PS: With the cusp hole size being quoted as the electron gyro radius, this obviously ignores the ion gyro radius hole size at the same conditions. But, part of the basic Polywell premise is that the ions do not reach the cusps ideally, and if they do, they are very near the top of their potential welll, and thus at much lower energies with corresponding smaller gyro radii., perhaps even smaller that the electron gyro radius at that radii. The exception would be the hot fusion ions, Protons,Tritium, Helium3 or Alphas depending on the fuel. These would have considerable KE even after climbing the potential well, and would find correspondingly large cusp escape holes. Again, this negates any concerns or desires for ignition as these high energy fusion ions escape before they can thermalize. Their confinement time versus their Coulomblomb collision cross sections is too small.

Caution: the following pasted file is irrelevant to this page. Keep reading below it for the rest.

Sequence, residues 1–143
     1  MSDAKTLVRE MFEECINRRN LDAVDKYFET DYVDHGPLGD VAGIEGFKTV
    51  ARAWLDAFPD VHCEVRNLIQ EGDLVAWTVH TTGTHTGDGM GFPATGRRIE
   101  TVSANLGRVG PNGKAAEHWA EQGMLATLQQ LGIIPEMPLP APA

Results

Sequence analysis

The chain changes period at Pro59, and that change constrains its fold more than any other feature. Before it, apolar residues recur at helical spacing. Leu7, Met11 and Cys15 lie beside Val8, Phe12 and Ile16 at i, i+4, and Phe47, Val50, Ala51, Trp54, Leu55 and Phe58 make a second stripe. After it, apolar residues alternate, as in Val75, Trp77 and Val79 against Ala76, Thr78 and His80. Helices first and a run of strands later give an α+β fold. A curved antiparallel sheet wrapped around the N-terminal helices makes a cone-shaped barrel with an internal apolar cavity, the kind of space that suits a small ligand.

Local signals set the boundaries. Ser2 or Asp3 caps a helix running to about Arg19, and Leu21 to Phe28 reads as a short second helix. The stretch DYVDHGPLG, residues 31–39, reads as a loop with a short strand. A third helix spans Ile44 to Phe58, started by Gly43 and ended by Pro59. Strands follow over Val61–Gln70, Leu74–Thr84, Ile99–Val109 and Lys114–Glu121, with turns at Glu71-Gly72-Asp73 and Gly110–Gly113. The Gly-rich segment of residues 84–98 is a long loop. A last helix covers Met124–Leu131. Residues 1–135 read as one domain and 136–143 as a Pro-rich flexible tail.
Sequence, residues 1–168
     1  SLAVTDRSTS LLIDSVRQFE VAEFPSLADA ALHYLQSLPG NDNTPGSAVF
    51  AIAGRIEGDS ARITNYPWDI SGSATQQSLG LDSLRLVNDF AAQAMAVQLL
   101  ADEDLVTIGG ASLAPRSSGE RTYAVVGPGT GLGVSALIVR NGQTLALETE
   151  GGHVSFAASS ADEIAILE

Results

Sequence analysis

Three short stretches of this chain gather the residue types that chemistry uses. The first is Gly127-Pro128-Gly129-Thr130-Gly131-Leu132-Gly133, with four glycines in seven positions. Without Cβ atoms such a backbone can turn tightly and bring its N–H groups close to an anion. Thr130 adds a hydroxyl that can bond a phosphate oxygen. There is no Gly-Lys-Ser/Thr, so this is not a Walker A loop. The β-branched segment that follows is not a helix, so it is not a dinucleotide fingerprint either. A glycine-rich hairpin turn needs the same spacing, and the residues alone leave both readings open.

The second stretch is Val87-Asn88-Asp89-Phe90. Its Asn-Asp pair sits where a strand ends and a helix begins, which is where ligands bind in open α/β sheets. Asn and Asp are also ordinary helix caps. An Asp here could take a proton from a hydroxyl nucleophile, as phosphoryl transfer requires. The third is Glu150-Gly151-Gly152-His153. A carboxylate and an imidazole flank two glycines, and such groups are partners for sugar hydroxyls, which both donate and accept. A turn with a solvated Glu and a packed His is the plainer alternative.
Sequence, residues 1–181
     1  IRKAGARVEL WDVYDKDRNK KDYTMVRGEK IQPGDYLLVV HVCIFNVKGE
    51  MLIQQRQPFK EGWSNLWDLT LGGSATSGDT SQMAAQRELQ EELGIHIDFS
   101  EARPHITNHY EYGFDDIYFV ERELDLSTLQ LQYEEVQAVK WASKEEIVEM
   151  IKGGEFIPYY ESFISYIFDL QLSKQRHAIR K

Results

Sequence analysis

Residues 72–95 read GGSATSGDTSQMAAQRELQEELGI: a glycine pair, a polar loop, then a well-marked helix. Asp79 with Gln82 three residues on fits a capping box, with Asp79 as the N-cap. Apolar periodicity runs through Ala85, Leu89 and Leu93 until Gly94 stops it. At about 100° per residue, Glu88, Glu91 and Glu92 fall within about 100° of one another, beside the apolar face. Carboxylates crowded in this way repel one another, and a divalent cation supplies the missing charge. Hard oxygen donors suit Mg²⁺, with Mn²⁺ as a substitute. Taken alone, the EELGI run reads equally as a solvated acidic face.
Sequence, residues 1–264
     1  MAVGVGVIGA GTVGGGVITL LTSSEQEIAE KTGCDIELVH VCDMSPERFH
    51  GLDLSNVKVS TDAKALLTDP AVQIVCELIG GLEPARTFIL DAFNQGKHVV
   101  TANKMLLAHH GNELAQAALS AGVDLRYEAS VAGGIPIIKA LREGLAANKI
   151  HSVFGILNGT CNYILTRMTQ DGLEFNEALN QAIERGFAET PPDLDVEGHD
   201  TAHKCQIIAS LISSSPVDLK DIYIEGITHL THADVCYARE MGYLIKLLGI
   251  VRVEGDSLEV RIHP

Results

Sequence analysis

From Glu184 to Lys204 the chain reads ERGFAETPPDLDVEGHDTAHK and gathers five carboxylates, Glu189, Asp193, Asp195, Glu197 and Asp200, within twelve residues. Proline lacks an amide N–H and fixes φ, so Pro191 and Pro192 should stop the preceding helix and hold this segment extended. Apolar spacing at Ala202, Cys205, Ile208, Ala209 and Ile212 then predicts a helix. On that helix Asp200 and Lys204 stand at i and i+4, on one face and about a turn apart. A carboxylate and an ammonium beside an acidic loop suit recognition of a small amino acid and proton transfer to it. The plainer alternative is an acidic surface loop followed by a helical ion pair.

Dan Tibbets
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Re: Electron Injection mussings

Postby DeltaV » Sat Jun 13, 2015 5:19 pm

Maybe something of interest here...

Spatial-temporal evolution of the current filamentation instability